What have been your favourite locations or projects and why?
The High Country has become a favourite location because of its diversity. I have been photographing in it for over 25 years, but it still manages to get me excited when I am out there. Nature always delivers and it is just so exciting when we capture that moment.
With regard to projects, for the last 14 years I have produced a black and white calendar on the High Country so in a sense that is and has become a project. I don’t think I hone in on anything else with the same veracity. I do love photographing the landscape in any country I am in. I suppose within the High Country environment, I look very hard for Snow Gums. Sort of a project within a project. I try to photograph them as much as possible if I am attracted to a particular tree in the first place.
Can you name some Australian photographers you admire?
From the past Harold Cazneaux, Athol Smith, some of Wolfgang Sievers. And of the now, Anthony Browell, Peter Adams, Michael Coyne.
Where has your work been shown? Where can we see your work now?
My work has been see mainly in exhibitions that never seem to last long enough. I suppose the main ones are 101 Collins Street, Ballarat Biennale, Meyer Gallery in Sydney, Muse Gallery in Milawa, Benalla Art Gallery, Horsham Art Gallery, Shepparton Art Gallery, quite a few times in Mansfield and of course on the www on my web site.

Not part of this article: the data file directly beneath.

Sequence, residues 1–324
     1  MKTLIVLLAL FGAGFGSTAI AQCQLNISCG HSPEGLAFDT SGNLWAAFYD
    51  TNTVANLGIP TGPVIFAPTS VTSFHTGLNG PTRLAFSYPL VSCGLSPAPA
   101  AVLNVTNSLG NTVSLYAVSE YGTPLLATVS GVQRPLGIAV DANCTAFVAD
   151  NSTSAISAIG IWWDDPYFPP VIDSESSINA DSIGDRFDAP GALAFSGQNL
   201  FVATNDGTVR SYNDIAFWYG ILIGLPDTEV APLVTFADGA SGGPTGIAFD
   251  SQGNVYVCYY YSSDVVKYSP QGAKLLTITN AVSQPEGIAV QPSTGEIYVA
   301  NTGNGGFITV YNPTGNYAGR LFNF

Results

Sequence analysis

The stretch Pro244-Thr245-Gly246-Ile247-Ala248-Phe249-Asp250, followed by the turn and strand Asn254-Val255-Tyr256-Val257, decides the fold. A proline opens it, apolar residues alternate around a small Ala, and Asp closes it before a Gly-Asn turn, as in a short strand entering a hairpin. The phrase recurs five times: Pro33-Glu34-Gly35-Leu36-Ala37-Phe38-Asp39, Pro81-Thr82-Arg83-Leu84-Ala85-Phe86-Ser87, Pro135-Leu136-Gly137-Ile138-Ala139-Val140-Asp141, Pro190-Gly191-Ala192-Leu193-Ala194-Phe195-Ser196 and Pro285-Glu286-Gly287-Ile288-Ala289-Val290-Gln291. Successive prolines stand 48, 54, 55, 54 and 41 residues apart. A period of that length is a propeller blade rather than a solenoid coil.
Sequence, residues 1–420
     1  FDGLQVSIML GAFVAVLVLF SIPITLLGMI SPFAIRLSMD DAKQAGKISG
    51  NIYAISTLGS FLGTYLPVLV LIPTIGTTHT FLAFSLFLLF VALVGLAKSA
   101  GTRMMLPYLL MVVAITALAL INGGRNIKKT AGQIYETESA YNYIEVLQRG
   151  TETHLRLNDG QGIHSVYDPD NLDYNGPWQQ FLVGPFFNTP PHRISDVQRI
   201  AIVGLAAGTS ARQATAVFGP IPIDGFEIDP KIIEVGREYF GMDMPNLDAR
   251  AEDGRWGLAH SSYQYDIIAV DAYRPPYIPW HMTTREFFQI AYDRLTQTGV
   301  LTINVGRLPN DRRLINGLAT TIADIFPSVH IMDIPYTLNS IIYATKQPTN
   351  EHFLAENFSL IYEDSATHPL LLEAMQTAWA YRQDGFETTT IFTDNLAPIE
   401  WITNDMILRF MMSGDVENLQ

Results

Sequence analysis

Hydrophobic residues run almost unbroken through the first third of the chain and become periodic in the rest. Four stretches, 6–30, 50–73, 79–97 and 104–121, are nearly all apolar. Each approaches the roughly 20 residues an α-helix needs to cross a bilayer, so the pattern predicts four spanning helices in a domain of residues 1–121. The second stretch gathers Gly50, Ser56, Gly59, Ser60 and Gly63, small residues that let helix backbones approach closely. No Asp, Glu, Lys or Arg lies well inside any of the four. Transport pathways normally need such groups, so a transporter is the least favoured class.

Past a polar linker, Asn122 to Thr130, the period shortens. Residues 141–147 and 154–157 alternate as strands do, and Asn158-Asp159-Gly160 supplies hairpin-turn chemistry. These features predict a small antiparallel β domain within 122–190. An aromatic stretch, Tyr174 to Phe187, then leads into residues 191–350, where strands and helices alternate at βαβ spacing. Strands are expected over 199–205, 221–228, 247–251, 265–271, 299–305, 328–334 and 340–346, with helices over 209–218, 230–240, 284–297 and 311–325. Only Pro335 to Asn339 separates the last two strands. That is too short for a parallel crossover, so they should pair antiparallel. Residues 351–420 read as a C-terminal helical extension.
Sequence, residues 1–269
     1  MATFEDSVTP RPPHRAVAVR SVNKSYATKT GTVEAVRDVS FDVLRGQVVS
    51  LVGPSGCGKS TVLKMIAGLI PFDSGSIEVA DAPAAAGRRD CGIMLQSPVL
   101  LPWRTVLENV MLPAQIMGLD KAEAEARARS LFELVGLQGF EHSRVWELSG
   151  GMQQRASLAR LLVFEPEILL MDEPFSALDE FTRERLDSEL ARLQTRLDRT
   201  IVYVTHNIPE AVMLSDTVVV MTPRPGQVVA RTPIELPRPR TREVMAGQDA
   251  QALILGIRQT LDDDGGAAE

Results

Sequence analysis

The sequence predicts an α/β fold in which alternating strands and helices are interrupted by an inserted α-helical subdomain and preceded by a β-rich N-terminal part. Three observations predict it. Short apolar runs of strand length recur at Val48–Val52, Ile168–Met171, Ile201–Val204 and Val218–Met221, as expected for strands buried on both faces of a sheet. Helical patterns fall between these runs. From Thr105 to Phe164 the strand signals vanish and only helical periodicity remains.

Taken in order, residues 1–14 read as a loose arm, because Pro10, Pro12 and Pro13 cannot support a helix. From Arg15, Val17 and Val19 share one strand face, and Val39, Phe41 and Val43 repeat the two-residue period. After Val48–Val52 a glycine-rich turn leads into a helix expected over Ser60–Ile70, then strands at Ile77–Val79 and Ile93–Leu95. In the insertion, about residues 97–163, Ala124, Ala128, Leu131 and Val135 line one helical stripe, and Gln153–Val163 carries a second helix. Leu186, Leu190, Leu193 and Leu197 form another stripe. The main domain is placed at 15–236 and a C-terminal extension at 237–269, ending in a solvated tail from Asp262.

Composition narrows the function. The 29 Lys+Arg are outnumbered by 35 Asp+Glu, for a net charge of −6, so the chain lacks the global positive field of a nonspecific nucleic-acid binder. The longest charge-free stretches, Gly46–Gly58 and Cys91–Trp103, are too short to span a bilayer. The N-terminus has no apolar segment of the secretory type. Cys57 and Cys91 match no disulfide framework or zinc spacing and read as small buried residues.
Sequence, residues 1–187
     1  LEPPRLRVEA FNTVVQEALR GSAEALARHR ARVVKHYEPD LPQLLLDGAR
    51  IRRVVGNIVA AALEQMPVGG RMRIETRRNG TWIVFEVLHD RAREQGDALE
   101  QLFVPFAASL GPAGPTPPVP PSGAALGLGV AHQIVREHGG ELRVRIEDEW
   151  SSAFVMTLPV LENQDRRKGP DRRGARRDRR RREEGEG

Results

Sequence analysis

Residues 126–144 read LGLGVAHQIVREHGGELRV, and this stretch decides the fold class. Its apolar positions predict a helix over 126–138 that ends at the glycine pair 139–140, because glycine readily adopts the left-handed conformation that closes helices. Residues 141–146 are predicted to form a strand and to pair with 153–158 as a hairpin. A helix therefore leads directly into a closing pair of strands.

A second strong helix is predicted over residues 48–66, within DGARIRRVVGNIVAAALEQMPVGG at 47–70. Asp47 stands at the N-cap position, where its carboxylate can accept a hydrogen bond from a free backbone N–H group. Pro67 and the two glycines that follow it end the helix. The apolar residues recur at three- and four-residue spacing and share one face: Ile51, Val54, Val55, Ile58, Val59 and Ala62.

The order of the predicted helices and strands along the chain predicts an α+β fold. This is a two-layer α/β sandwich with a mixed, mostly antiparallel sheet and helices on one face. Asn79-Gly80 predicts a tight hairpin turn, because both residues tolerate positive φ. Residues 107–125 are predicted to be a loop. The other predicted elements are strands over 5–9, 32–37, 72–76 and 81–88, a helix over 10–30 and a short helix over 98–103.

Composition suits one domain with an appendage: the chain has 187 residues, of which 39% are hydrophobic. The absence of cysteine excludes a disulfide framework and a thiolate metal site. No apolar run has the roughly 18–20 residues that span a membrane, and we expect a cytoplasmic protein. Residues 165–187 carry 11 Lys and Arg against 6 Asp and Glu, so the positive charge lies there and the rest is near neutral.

At present I have a small display in Mansfield in a craft shop that represents artists within the shire. Not ideal, but better than nothing. Rent is so darn expensive, so having a specialized gallery myself is somewhat prohibitive.
Apart from that it seems the mystique of photography has faded mainly because everyone these days is a photographer and we are flooded with so many images, mostly ordinary, that when something good comes along it just gets lost in the wash. Sad really. A result of technology unfortunately.
Anything else you’d like to add?
Well firstly thank you for inviting me to respond to your interesting questions. We all know that photography is in a state of change or maybe that change has finished. What ever happens from here, the original concept of photography will not alter for me, which is about discovery and recording those moments that we come across.
I hate deception in photography that modern software allows us to do. Yes it’s clever and that is the best I can say about it. If you primarily photograph the landscape then it has a lot to offer and because I chance on this so often, I just can’t for the life of me understand why people want to make composite landscape images. It really is misrepresenting nature when we do this and really shows that their vision must be lacking. The world is a beautiful place and it is up to us, as photographers, to see past the ordinary and isolate the incredible that the world offers. That in a sense has become my goal where ever I am and I just can’t see myself deviating from that.
Visit Richard’s website at www.richardwhite.com.au.